AT one minute after midnight, July 1, 1994, Lisa Cork - a graduate student at West Virginia University - was the first student in the nation to receive a direct student loan from the United States Department of Education (DOE). Since then, 104 colleges and universities have begun receiving student loans directly from the federal government instead of through the complicated network of private banks distributing federally-guaranteed loans.
One difference for students is the option to pay their loans at rates based on their income. Those who work at low-income jobs can repay their loans over a period as long as 25 years. If a former student doesn't pay back her or his entire debt at the end of 25 years, the government will forgive the loan and cover the debt. Students can also get their loan money within three days of signing a single promissory note, says Elizabeth Hicks, coordinator of financial aid at Harvard University. Under the old system they filled out many forms and waited several months to receive their loan money.
Congress and President Bill Clinton approved the direct student loan program in an attempt to cut fraud and default rates that have weakened the system.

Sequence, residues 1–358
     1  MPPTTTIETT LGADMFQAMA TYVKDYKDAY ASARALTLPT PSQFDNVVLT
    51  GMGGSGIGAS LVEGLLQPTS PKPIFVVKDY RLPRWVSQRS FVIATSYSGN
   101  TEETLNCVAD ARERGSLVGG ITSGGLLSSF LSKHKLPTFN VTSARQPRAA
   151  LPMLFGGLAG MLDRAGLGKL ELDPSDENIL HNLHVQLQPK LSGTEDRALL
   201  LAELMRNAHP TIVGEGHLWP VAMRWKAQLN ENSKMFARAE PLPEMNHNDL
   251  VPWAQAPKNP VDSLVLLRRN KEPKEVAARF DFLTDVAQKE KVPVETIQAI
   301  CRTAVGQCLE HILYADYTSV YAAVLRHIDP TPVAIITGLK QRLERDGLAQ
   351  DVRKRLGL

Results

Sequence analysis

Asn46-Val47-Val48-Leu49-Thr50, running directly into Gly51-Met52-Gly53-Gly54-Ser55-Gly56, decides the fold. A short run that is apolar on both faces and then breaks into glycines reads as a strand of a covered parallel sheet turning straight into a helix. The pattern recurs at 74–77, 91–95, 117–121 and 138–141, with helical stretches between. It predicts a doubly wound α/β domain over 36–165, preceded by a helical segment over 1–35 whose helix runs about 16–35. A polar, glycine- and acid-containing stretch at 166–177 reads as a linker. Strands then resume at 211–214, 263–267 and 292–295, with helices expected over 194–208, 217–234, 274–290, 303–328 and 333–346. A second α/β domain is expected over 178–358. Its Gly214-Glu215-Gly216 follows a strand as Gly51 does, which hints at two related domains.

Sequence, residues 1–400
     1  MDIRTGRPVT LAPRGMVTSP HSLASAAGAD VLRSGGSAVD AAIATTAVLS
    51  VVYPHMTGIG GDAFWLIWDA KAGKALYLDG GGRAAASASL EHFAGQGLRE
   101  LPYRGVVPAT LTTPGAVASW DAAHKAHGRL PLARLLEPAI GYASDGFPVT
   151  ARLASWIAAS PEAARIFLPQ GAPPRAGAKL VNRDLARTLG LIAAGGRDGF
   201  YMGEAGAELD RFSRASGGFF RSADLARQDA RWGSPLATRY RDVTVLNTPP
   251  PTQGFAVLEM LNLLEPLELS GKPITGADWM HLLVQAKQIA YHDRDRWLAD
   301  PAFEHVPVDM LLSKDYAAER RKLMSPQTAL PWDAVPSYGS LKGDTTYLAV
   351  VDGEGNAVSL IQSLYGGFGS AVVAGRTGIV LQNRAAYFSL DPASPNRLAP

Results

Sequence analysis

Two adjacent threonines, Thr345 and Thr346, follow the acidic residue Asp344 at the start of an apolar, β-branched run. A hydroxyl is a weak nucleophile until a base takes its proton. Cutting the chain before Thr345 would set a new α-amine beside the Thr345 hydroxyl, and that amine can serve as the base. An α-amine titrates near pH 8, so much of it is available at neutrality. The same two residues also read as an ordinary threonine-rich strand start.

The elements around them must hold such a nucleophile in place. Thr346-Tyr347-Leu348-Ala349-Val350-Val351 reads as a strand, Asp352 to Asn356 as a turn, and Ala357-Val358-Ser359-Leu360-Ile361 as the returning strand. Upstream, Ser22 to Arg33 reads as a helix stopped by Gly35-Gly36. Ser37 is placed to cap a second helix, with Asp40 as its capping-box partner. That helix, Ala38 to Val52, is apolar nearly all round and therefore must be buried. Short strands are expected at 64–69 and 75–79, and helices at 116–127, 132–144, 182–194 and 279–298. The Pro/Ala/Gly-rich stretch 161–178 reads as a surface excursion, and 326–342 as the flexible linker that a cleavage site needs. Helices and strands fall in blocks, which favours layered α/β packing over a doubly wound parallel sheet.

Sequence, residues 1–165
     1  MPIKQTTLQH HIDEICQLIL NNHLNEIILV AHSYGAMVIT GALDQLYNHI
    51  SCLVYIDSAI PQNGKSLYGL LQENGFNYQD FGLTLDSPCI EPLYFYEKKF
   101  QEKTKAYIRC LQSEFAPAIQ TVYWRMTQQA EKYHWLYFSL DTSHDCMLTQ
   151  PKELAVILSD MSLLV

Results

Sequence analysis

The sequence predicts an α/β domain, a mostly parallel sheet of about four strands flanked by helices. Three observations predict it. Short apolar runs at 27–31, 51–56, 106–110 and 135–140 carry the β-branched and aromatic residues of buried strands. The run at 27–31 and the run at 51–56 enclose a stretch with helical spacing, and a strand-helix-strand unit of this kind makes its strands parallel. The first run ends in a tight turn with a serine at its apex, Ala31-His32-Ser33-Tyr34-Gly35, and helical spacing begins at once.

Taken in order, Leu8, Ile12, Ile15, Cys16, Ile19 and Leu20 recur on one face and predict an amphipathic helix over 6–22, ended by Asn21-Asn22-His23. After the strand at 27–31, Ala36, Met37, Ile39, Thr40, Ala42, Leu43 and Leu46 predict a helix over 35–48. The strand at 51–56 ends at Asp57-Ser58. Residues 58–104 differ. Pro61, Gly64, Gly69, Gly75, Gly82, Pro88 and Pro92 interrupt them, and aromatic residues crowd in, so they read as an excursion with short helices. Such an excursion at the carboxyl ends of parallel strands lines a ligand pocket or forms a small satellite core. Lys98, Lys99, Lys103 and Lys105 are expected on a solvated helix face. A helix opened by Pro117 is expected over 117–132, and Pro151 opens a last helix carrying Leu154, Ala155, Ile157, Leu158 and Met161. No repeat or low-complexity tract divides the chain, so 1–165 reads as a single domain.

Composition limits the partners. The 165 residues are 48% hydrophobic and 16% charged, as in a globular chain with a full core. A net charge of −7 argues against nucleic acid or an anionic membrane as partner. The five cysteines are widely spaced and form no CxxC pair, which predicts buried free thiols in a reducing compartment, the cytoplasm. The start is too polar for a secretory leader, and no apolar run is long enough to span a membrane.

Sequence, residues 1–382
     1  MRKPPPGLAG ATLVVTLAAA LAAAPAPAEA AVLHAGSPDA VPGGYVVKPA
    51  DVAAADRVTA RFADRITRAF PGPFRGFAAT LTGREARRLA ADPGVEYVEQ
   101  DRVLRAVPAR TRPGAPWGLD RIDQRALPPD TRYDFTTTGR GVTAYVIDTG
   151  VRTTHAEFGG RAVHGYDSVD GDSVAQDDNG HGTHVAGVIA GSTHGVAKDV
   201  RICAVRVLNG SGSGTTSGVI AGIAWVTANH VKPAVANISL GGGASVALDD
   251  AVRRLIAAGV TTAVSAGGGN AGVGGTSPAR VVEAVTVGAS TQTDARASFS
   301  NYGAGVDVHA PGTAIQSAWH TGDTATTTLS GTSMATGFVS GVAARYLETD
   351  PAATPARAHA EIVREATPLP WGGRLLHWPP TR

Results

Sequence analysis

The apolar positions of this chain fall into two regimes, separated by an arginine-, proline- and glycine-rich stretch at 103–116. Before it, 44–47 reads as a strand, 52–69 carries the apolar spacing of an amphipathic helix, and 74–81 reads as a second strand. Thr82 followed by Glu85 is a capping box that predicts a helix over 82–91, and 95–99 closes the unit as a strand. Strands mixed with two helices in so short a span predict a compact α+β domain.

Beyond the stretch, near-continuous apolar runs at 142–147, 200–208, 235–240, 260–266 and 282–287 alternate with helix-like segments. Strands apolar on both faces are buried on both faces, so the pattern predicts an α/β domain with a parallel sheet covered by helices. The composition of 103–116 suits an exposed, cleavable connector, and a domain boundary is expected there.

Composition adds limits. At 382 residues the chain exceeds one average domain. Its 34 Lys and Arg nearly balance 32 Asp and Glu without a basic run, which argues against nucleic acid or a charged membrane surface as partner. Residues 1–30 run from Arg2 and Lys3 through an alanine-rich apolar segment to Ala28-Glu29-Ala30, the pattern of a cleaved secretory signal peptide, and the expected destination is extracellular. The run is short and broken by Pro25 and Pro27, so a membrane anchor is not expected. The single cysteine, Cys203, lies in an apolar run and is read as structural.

In 1993, students defaulted on $2 billion of $24 billion outstanding in student loans, says Leo Kornfeld, DOE's deputy assistant secretary for student financial assistance programs. The Congressional Budget Office found that, besides cutting fraud, a direct-lending program would save taxpayers $4.3 billion over the next five years.
But Rudy Penner, former director of the Congressional Budget Office (CBO), says the savings look good on paper but may not result in savings. ``I don't think there is any cost savings in moving from guaranteed student loans to direct student loans,'' Mr. Penner says. ``It further begs the question of how well the government can administer the direct lending program.''
Even strong proponents of direct lending, like Sens. Dave Durenberger (R) of Minnesota, Sen. Paul Simon (D) of Illinois, and Rep. Tom Petri (R) of Wisconsin, oppose income-contingent repayment as set out by the administration. ``There is a concern that this will become a whole new middle-class entitlement that will increase the deficit,'' says Jon Schroeder, Minnesota aide for Mr. Durenberger.
Critics also are concerned that those who pay back loans slowly could pay triple the amount of the original loans. Others are not worried. ``The Scandinavian countries do it,'' Ms. Hicks says.
Hicks says income-contingent repayment is important because people need flexibility if they work at low-paying, public-sector jobs.
Some say DOE is dismantling the old system without being sure of the new program's effectiveness.
Other schools have not been so quick to jump in. ``There is a program in place and it works,'' says Jim Belvin, director of financial aid at Duke University.
But even among those who have not yet chosen to participate, most do welcome its arrival. ``The competition with direct loans that the private sector will have to endure is going to make the private sector better.... It's going to be good for all of us,'' Mr. Belvin says.